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White-tailed Deer

Odocoileus virginianus


Antler development is important to many hunters and deer observers. Buck antler development is controlled by age, nutrition, and genetics. However, in Georgia genetics do not appear to be an important factor. For most deer in this state, age is the single most limiting factor for antler development, followed by nutrition. Under heavy hunting pressure, bucks simply do not live long enough to produce large antlers. In parts of the Lower Coastal Plain and Mountains, bucks live much longer but nutrition levels often are poor which limits antler development. Likewise, poor nutrition also occurs in the Piedmont when deer herds get so large that their food supply is reduced in quality or quantity resulting in poor antler growth.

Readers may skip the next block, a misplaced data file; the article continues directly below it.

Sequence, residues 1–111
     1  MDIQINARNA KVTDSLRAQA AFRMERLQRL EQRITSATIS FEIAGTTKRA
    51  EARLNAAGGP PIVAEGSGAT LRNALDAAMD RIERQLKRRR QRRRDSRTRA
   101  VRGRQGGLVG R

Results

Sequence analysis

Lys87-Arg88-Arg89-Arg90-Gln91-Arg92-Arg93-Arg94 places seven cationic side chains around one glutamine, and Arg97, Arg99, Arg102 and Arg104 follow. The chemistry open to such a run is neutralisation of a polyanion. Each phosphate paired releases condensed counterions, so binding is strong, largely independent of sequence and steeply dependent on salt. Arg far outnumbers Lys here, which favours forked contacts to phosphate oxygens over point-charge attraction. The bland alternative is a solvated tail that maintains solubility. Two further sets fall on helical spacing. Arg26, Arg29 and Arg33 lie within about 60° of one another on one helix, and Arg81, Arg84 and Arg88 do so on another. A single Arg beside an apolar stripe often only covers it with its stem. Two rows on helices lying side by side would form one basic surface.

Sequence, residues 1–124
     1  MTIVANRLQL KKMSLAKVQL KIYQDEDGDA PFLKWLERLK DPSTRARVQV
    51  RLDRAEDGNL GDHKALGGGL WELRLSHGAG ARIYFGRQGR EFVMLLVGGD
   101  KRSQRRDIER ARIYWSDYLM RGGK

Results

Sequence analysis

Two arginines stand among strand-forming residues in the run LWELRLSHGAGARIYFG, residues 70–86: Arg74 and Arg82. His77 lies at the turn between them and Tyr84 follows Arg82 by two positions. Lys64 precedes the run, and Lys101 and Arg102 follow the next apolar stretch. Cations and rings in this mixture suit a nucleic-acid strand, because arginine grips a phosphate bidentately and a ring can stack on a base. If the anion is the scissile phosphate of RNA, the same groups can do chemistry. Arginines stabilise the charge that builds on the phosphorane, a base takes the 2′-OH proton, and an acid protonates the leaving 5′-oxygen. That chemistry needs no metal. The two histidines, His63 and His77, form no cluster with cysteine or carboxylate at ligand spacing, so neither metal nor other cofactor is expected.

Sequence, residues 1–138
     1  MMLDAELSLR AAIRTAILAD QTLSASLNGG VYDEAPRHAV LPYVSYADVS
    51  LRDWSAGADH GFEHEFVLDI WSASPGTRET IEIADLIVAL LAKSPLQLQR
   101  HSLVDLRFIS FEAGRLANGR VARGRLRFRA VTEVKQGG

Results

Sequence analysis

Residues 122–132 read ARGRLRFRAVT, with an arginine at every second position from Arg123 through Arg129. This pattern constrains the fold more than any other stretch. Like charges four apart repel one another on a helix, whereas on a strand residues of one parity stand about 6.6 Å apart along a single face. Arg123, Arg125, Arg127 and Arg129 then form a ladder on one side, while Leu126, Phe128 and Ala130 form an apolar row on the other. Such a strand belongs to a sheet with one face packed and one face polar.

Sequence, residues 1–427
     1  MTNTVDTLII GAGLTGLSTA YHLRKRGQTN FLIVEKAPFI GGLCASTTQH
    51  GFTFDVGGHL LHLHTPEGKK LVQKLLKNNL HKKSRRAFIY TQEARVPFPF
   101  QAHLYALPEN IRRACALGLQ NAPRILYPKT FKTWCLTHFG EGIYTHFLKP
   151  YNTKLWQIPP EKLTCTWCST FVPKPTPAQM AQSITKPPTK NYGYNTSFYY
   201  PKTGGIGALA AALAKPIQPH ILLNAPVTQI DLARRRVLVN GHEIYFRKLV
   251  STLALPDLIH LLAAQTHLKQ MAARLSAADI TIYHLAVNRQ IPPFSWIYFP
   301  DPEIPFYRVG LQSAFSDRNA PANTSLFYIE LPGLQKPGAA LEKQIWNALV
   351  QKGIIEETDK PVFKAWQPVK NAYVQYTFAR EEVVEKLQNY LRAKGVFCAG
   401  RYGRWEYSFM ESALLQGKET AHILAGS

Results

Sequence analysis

The white-tailed deer is a woodland species. In North America, the species is most common east of the Rocky Mountains, and is absent from much of the western United States, including Nevada, Utah, California, Hawaii, and Alaska. Deer are known as generalists because of their ability to thrive in a wide variety of habitats including forests, woodlots, suburbs, golf courses, extensive agriculture, swamps and coastal marshes.


Spotted on the campus of Berry College in Rome, GA

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Spotted by

Georgia, USA

Lat: 34.29, Long: -85.19

Spotted on Jan 4, 2014
Submitted on Feb 4, 2014

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